The 8 Best Waterproof Lighters
This wiki has been updated 12 times since it was first published in December of 2017. Whether you’re in need of a flame to warm up and cook food out in the wilderness or you simply want to enjoy your cigar in wet conditions, one of these waterproof lighters will ensure that you are always well prepared, even in an emergency. Our options include a variety of fuel sources to choose from, including electric, kerosene, butane, and traditional lighter fluid models. When users buy our independently chosen editorial choices, we may earn commissions to help fund the Wiki. If you'd like to contribute your own research to the Wiki, please get started by reviewing this introductory video.
April 20, 2020:
For this update, we removed the Q&G Arc due to concerning complaints about its lid coming off soon after purchase, and replaced it with the JiaDa USB Plasma. This new addition is a similar plasma arc model, but with a sturdy lid that uses a safety latch to keep it securely in place. It also has a powerful LED flashlight on the bottom of the unit as well as a safety whistle, making it especially useful in emergency situations.
We also removed the Acetek X-Beam because of waterproofing issues. To replace it, we brought in an interesting option, the Exotac FireSleeve. This product isn’t technically a lighter, but rather a waterproof case that you can fit a standard Bic lighter inside. It has a nice durable construction and would make a great option for a survival kit, or someone who doesn’t care for the bells and whistles of other models. It also allows you to maintain a flame without having to push the gas button down the entire time, a very handy feature not found in basic lighters.
The two waterproof lighter styles in our guide are electric arc lighters, and more traditional liquid fuel models. Each have their own benefits and drawbacks, so it's important to decide which is best for you before purchasing.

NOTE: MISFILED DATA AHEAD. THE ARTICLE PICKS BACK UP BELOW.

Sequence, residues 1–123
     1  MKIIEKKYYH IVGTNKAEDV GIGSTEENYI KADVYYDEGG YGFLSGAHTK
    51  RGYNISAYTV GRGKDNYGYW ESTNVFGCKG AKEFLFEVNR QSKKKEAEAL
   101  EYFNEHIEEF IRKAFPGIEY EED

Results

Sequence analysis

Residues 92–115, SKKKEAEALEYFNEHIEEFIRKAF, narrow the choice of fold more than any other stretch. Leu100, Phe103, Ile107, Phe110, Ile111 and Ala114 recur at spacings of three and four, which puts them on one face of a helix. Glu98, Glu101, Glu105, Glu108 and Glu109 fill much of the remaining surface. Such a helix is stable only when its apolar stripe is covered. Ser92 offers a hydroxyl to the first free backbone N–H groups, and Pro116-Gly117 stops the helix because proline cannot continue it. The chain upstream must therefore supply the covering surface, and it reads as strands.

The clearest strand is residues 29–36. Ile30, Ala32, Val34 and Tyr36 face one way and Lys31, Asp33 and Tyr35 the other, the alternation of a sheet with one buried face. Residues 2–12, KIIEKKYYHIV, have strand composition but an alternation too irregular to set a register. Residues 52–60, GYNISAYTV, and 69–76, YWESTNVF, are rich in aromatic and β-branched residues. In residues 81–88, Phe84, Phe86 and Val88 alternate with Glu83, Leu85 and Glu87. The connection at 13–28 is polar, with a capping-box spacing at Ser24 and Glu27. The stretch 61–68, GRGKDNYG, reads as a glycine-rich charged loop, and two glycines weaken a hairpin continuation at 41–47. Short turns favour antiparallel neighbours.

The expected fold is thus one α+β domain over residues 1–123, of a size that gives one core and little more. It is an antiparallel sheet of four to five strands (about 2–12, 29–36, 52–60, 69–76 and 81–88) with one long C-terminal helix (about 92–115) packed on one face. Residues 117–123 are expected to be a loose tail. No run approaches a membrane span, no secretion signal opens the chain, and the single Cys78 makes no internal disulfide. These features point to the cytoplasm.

Electrical arc lighters lack the big robust flame you’re used to seeing in classic fuel lighters, so they’re not the best for quickly igniting combustible material. That said, this lack of fuel makes them much safer, since there is no chance for an accidental explosion, and the smaller point of ignition makes them less hazardous than large flames.
Butane or liquid fuel lighters, on the other hand, are generally ideal for situations where getting a fire going is the main priority. Their large flame is great for quickly igniting whatever it is you have to light, and though they do need to be refilled with fuel from time to time, they aren’t reliant on electricity to recharge like arc lighters. You can toss a butane or lighter fluid bottle in your backpack for refilling, but finding a USB outlet to charge your arc lighter can be a bit more difficult, depending on the environment.
If you’re less concerned about water affecting your lighter, but still want a robust model that can handle inclement weather, consider a windproof lighter instead. These types of lighters usually lack the safety features of other models, so keep that in mind.